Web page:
In particular, the Coalition calls on the following companies, which independent research has credibly and publicly identified as operating or having business relationships in the Uyghur Region, or as at high risk of sourcing from the Uyghur Region, and that have a presence or sell goods in the U.S., to commit to these demands.
In September 2022, the Business & Human Rights Resource Centre sought responses to the four above questions from these companies. Of the thirty-three companies, only sixteen (48%) responded. The Coalition will be following up with these companies about their actions to remove Uyghur forced labour across their supply chain. The American Apparel and Footwear Association was not sent a letter, but sent a response to BHRRC. See all company responses here.
- Adidas (response)
- Amazon (no response)
- Burberry (no response)
- Capri Holdings (Jimmy Choo, Michael Kors, Versace) (no response)
- Costco (no response)
- Esprit (response)
- Fast Retailing Co Ltd (Uniqlo, Theory) (response)
- G-III Apparel Group (DKNY) (response)
- Gap Inc. (Athleta, Banana Republic, GAP) (response)
- Guess? (no response)
- H & M Hennes & Mauritz AB (H&M, & Other Stories) (no response)
- Hanes (no response)
- Hermes (no response)
- Ikea (response)
- Inditex (Industria de Diseño Textil, S.A.) (Bershka, Zara, Inditex, Massimo Dutti, Oysho, Pull & Bear, Stradivarius, Zara Home) (response)
- Kering (Alexander McQueen, Balenciaga, Bottega Venetta, Brioni, Gucci, Yves Saint Laurent) (response)
- Kontoor Brands, Inc. (Lee, Rock & Republic, Wrangler) (response)
- Levi’s (response)
- Lululemon (response)
- LVMH Moët Hennessy Louis Vuitton (Celine, Dior, Fendi, Givenchy, Louis Vuitton) (response)
- Macy’s (response)
- MF Brands Group SA (Aigle, Lacoste) (no response)
- Muji (no response)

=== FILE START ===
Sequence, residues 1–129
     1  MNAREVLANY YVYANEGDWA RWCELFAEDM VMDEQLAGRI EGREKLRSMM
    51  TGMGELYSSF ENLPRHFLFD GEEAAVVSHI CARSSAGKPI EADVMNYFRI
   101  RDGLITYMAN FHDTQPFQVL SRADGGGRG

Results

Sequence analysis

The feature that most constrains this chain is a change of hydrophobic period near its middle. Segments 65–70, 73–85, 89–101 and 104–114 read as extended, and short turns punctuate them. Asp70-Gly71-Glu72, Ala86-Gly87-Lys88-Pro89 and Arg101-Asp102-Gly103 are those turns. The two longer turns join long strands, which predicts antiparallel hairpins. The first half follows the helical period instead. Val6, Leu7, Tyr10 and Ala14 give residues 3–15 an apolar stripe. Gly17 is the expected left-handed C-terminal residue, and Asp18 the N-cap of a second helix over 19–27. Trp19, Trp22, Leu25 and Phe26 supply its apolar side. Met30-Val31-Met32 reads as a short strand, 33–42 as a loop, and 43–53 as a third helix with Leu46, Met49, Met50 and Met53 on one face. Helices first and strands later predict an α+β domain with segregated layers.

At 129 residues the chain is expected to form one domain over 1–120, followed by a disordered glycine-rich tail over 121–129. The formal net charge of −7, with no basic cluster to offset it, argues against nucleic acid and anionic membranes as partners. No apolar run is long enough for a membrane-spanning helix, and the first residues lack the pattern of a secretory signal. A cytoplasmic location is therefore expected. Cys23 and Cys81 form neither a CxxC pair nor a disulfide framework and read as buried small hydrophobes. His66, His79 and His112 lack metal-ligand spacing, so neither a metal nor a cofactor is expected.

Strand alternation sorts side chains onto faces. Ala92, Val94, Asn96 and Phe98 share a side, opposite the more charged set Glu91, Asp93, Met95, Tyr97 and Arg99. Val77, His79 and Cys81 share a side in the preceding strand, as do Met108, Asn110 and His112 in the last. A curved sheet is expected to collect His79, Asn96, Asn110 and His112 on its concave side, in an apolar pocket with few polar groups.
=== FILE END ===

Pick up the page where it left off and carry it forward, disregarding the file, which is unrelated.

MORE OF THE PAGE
- Next (response)
- Nike (Converse) (no response)
- PVH Corp. (Tommy Hilfiger, Calvin Klein) (no response)
- Ralph Lauren (no response)
- SMCP S.A. (Maje, Sandro) (response)
- Sycamore Partners (Ann Taylor, Loft) (no response sought)
- Tapestry Inc. (Coach, Kate Spade, Stuart Weitzman) (no response)
- Urban Outfitters, Inc. (Anthropologie, Free People) (no response)
- VF Corporation (JanSport, Kipling, The North Face, Timberland, Vans) (response)
- Walmart (no response)
The Coalition equally calls on all companies, including those without a US market, to apply a single global standard, in line with the Coalition’s Brand commitment to exit the Uyghur Region and prevent use of forced labour of Uyghur and other Turkic and Muslim-majority peoples / UFPLA, which includes a commitment to not bifurcate their supply chains. This demand is made in consideration of existing and forthcoming laws in other jurisdictions, particularly the EU and EU Member States, and to raise business standards globally.
For apparel companies wishing to speak with the Coalition, please email [email protected].
- Coercive Labor in the Cotton Harvest in the Xinjiang Uyghur Autonomous Region and Uzbekistan, Harvard Dataverse (May 2023)
- 5 Top Fashion Takeaways From Tuesday’s China Commission Testimony, Sourcing Journal (Apr 2023)
- 23 Major Brands Suspected of Illegally Sourcing Products Made by Forced Labor in China, Insider (Dec 2022)
- ‘Escalation of Secrecy’: Global Brands Seek Clarity on Xinjiang, New York Times (May 2022)
- Until Nothing Is Left: China’s Settler Corporation and its Human Rights Violations in the Uyghur Region, Sheffield Hallam University (Jul 2022)
- Laundering Cotton: How Xinjiang Cotton is Obscured in International Supply Chains, Sheffield Hallam University (Nov 2021)
- Uyghurs for Sale, Australian Strategic Policy Institute (Mar 2020)
- Global Supply Chains, Forced Labor, and the Xinjiang Uyghur Autonomous Region, Congressional-Executive Commission on China (Mar 2020)
- Connecting the Dots in Xinjiang: Forced Labor, Forced Assimilation, and Western Supply Chains, Center for Strategic and International Studies (Oct 2019)
Photo by No Revisions on Unsplash